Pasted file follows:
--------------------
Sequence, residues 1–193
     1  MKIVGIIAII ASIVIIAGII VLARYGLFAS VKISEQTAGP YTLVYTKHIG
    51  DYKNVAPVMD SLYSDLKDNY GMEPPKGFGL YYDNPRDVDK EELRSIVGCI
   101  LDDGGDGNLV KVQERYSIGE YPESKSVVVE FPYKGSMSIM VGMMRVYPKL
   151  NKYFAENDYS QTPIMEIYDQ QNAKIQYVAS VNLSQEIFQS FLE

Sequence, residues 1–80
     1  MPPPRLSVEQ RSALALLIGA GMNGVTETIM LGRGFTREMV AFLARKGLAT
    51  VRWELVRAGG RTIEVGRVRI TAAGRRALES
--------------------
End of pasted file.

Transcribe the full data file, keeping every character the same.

Sequence, residues 1–193
     1  MKIVGIIAII ASIVIIAGII VLARYGLFAS VKISEQTAGP YTLVYTKHIG
    51  DYKNVAPVMD SLYSDLKDNY GMEPPKGFGL YYDNPRDVDK EELRSIVGCI
   101  LDDGGDGNLV KVQERYSIGE YPESKSVVVE FPYKGSMSIM VGMMRVYPKL
   151  NKYFAENDYS QTPIMEIYDQ QNAKIQYVAS VNLSQEIFQS FLE

Sequence, residues 1–80
     1  MPPPRLSVEQ RSALALLIGA GMNGVTETIM LGRGFTREMV AFLARKGLAT
    51  VRWELVRAGG RTIEVGRVRI TAAGRRALES